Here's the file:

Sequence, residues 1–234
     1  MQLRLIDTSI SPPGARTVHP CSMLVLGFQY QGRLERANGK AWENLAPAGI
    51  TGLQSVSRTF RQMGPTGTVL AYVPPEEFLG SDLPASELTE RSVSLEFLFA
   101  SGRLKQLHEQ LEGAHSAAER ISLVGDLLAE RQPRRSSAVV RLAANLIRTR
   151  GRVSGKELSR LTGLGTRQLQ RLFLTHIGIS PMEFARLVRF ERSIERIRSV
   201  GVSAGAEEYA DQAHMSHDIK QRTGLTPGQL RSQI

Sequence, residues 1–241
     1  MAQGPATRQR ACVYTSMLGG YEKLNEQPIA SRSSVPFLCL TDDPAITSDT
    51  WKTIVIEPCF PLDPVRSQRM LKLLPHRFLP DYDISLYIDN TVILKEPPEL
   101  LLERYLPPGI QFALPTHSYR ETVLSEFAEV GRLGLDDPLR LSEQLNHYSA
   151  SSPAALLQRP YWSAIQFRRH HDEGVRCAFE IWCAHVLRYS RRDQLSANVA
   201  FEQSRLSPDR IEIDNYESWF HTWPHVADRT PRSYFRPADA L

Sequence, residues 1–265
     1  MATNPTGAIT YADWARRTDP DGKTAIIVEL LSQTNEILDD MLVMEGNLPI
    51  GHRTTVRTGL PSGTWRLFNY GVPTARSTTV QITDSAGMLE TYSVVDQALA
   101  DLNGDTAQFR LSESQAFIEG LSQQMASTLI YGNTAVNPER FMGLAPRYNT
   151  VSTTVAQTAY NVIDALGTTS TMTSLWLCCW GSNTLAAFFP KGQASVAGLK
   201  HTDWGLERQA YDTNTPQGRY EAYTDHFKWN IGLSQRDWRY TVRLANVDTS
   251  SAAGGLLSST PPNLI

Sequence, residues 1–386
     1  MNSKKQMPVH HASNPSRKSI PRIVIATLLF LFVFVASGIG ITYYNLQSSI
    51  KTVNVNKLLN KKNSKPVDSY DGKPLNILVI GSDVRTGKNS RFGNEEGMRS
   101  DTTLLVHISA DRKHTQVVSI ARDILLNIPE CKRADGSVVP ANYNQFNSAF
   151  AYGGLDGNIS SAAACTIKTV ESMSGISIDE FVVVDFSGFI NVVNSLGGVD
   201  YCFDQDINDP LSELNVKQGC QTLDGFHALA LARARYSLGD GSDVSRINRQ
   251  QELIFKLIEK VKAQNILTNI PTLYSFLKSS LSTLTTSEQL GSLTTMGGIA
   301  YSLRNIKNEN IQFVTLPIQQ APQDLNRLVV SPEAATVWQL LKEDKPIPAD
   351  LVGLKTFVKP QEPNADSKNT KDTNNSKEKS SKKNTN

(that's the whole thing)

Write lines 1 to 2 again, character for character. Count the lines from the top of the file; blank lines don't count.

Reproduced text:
Sequence, residues 1–234
     1  MQLRLIDTSI SPPGARTVHP CSMLVLGFQY QGRLERANGK AWENLAPAGI